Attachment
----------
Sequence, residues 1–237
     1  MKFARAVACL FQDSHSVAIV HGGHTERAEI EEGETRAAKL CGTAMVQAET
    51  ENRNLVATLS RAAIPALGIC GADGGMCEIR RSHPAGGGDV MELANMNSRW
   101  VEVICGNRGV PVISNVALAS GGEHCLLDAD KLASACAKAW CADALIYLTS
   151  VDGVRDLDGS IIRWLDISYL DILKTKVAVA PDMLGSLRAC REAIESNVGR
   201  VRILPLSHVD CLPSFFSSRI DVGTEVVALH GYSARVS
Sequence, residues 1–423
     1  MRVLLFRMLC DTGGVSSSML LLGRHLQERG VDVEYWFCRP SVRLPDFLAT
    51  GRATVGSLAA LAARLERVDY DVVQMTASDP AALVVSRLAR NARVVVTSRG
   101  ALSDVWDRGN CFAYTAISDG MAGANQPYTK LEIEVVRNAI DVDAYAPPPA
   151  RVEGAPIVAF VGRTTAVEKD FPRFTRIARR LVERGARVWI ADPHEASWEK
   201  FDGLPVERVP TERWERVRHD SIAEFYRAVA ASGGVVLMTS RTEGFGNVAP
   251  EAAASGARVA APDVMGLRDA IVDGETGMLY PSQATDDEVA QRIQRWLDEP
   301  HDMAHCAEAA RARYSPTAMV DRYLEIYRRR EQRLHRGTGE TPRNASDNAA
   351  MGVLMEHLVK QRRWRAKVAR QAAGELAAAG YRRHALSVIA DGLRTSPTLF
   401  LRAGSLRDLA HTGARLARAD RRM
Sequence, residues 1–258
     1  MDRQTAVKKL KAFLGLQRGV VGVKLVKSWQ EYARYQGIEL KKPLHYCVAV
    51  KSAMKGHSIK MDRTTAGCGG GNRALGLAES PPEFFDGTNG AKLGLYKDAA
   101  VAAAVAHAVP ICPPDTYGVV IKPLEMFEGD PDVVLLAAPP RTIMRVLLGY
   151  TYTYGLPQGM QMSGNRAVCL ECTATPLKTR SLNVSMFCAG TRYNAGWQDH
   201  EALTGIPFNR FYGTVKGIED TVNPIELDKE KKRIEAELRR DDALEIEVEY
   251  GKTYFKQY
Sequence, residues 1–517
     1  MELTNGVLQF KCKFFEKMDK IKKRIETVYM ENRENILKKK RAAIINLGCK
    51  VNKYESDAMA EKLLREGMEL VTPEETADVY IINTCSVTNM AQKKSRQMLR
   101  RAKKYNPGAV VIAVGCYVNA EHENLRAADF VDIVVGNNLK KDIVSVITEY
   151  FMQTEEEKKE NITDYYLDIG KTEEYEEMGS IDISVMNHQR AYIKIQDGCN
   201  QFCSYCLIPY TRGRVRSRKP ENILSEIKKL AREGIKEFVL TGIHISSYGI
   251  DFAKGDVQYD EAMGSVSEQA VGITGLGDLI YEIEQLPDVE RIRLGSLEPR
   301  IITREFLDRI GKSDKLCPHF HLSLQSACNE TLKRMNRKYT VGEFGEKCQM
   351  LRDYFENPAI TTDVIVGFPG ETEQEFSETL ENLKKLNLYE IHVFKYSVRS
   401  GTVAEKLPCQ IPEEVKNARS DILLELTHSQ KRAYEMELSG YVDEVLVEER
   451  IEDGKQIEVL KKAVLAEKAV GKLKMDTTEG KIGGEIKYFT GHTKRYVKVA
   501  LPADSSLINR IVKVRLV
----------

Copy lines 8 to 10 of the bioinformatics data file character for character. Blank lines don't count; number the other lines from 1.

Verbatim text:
     1  MRVLLFRMLC DTGGVSSSML LLGRHLQERG VDVEYWFCRP SVRLPDFLAT
    51  GRATVGSLAA LAARLERVDY DVVQMTASDP AALVVSRLAR NARVVVTSRG
   101  ALSDVWDRGN CFAYTAISDG MAGANQPYTK LEIEVVRNAI DVDAYAPPPA